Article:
Lashkar-e-Taiba man sentenced again to 15 years in US

April 26th, 2008 - 11:15 am ICT by admin  

By Arun Kumar
Washington, April 26 (IANS) A former teacher at a Muslim school in Maryland has been again sentenced to 15 years in prison for providing support to a Pakistani terrorist group in their anti-India agenda in Jammu and Kashmir. Ali Asad Chandia, one of a dozen young US Muslim men convicted in 2006 as part of what prosecutors called a “Virginia jihad network” for providing military support to Lashkar-e-Taiba, was given the same sentence Friday despite a federal appeals court’s order to the trial judge to reconsider the original sentence.

The “Virginia jihad network” used paintball games to train for holy war around the globe. Chandia, who taught third grade at the al-Huda school in College Park, Maryland, did not participate in the paintball games but was acquainted with some of those accused of playing.

Specifically, Chandia was found guilty of acting as a driver and assistant to Lashkar leader Mohammed Ajmal Khan on his visits to the US in 2002 and 2003 and helping Khan ship 50,000 paintball pellets from the US to Pakistan.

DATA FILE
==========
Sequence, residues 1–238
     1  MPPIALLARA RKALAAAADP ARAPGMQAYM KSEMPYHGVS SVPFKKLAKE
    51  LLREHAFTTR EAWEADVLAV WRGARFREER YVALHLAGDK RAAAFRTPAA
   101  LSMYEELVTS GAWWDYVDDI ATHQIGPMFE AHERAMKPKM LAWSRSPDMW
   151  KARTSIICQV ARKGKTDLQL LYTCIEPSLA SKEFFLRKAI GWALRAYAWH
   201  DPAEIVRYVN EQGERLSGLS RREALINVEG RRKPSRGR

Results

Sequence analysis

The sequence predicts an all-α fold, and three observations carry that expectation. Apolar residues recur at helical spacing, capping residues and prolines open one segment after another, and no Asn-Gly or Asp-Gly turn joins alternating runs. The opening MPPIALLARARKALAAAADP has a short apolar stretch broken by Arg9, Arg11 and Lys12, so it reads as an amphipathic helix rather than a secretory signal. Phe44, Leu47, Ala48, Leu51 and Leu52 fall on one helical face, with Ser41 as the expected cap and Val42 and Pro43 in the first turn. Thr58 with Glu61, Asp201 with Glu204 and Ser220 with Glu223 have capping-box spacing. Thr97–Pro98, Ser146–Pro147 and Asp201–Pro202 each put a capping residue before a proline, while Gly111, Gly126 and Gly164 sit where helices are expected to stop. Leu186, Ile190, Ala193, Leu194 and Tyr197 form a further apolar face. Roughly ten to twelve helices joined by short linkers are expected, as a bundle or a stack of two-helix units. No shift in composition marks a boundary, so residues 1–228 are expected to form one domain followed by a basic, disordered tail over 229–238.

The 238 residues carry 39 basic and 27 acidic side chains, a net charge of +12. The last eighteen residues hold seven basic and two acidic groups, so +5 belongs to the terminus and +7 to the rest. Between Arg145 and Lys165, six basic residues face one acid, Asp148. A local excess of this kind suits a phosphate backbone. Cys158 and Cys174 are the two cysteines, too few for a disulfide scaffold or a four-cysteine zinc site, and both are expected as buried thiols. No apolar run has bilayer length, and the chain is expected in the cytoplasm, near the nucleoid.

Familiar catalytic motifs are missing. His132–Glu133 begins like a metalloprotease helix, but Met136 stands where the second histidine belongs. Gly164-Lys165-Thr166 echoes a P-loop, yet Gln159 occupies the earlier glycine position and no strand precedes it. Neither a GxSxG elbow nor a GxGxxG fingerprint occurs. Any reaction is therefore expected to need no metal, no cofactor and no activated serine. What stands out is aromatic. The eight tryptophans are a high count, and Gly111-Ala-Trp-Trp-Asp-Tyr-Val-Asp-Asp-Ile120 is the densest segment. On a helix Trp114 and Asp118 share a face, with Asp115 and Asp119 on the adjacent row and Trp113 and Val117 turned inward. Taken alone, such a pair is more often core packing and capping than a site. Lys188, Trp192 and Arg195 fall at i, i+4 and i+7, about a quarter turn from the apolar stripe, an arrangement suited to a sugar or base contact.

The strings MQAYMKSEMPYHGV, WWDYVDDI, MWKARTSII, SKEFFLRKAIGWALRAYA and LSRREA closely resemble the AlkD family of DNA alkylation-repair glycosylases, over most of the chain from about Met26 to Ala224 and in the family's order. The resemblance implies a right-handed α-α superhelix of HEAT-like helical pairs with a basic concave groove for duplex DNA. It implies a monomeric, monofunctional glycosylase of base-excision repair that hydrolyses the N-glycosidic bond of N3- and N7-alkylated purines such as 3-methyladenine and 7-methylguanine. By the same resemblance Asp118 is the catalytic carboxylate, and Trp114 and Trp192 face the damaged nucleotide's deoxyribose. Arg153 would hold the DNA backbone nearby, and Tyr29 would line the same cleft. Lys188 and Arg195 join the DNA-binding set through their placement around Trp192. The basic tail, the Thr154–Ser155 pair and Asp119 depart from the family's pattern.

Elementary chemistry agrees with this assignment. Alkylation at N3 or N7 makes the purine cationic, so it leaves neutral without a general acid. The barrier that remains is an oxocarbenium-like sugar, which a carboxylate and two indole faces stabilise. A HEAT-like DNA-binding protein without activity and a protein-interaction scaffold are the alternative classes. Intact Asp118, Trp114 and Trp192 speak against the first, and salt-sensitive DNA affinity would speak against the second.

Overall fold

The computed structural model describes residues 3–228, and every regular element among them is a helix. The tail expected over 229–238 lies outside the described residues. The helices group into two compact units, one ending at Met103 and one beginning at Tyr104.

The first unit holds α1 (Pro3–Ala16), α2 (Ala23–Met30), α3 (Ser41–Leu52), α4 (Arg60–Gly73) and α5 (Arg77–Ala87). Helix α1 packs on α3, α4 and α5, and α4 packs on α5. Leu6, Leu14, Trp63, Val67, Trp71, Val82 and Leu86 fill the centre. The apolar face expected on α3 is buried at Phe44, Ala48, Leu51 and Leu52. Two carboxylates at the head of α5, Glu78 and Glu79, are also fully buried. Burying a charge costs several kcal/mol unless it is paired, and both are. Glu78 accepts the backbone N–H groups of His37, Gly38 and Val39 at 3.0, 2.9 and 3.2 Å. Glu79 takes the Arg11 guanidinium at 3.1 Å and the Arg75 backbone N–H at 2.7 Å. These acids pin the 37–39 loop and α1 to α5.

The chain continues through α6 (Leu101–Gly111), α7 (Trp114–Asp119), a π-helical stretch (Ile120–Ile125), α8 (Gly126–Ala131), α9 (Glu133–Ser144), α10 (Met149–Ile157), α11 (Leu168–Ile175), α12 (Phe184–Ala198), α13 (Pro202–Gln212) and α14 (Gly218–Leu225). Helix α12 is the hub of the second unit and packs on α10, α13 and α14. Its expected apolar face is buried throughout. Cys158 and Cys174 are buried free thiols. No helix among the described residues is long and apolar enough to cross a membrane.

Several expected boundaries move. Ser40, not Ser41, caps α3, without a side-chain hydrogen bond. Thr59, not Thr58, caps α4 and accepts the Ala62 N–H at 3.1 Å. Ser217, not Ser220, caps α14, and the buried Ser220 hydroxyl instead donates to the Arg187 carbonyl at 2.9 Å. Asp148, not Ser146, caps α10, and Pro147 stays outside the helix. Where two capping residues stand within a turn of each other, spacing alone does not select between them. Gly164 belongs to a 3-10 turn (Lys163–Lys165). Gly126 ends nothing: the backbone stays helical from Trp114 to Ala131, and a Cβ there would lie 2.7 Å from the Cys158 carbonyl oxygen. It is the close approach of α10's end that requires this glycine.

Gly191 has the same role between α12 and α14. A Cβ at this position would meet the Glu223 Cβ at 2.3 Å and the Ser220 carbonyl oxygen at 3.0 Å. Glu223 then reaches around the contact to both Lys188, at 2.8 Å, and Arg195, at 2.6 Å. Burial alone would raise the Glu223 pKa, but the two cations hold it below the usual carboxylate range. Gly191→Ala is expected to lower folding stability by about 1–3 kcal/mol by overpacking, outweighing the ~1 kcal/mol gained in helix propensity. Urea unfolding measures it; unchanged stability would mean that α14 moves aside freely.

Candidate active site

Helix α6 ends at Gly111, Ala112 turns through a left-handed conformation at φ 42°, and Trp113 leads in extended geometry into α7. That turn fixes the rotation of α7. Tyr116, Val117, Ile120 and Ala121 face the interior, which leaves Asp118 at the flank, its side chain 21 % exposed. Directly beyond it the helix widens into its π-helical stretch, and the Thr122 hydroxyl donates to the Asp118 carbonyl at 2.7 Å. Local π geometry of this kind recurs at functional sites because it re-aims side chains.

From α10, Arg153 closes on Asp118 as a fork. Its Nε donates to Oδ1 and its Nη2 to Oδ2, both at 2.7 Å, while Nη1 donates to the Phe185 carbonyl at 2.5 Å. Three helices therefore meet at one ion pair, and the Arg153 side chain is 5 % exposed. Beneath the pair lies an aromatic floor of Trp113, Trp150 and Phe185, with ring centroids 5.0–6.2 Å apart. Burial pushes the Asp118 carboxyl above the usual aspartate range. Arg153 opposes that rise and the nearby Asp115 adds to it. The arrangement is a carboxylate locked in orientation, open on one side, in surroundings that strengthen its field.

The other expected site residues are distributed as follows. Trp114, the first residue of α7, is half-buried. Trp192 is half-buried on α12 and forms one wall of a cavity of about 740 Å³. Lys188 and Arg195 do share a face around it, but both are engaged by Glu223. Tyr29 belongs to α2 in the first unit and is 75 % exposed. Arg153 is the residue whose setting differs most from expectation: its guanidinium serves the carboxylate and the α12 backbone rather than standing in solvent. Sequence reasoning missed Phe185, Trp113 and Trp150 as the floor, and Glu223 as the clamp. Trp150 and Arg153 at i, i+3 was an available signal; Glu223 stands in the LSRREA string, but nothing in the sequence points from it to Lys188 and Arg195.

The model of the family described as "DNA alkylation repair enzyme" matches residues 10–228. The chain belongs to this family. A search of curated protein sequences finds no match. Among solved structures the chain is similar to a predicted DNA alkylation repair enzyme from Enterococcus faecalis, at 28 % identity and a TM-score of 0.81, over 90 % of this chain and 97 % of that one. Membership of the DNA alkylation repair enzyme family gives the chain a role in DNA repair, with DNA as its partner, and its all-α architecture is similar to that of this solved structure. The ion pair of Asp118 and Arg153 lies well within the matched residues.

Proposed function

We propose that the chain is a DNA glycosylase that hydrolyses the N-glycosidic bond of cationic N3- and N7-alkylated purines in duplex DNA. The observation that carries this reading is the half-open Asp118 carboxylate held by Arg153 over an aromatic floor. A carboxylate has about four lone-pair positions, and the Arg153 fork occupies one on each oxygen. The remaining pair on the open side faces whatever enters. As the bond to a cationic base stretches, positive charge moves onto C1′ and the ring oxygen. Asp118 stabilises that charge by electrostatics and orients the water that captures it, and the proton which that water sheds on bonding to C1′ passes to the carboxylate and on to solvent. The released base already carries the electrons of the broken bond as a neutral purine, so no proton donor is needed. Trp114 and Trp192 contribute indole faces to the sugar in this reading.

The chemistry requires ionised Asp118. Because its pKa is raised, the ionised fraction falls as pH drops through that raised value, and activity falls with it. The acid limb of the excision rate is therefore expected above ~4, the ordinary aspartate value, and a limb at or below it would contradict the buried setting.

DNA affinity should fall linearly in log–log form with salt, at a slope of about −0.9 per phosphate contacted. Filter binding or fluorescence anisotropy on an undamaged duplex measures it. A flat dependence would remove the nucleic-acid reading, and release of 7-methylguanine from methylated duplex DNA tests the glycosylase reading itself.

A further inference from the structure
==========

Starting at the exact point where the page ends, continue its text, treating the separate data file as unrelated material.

At Friday’s hearing in Alexandria, US District Judge Claude Hilton said Chandia’s actions showed a clear intent to help Lashkar advance its terrorist agenda against India. He said the evidence was clear that Chandia, who grew up in Pakistan and whose father is a prominent attorney there, knew that Lashkar was a violent organisation that used terrorist tactics.

Chandia’s defence attorney, Marvin Miller, said he will again appeal the sentence, and that Hilton’s explanation did not address the appellate court’s fundamental concern - that Chandia did not engage in violent acts and is therefore ineligible for the terrorism enhancement.

Appearing in court, Chandia maintained his innocence and said he never supported violence. “What government was supposed to be intimidated by my actions?” Chandia asked the judge. “Do you think the government of India will feel intimidated by a few boxes of paintballs?”

The Fourth US Circuit Court of Appeals in Richmond earlier this year ordered a new sentencing hearing for Chandia, saying the judge needed to explain why he applied a rarely used “terrorism enhancement” that more than doubled Chandia’s prison time to 15 years.

Under federal sentencing guidelines, Chandia would have been subject to six and a half years at most without the terrorism enhancement. Under the enhancement, Chandia could have received a sentence of 30 years or more, but Hilton said 15 years was appropriate under the circumstances.

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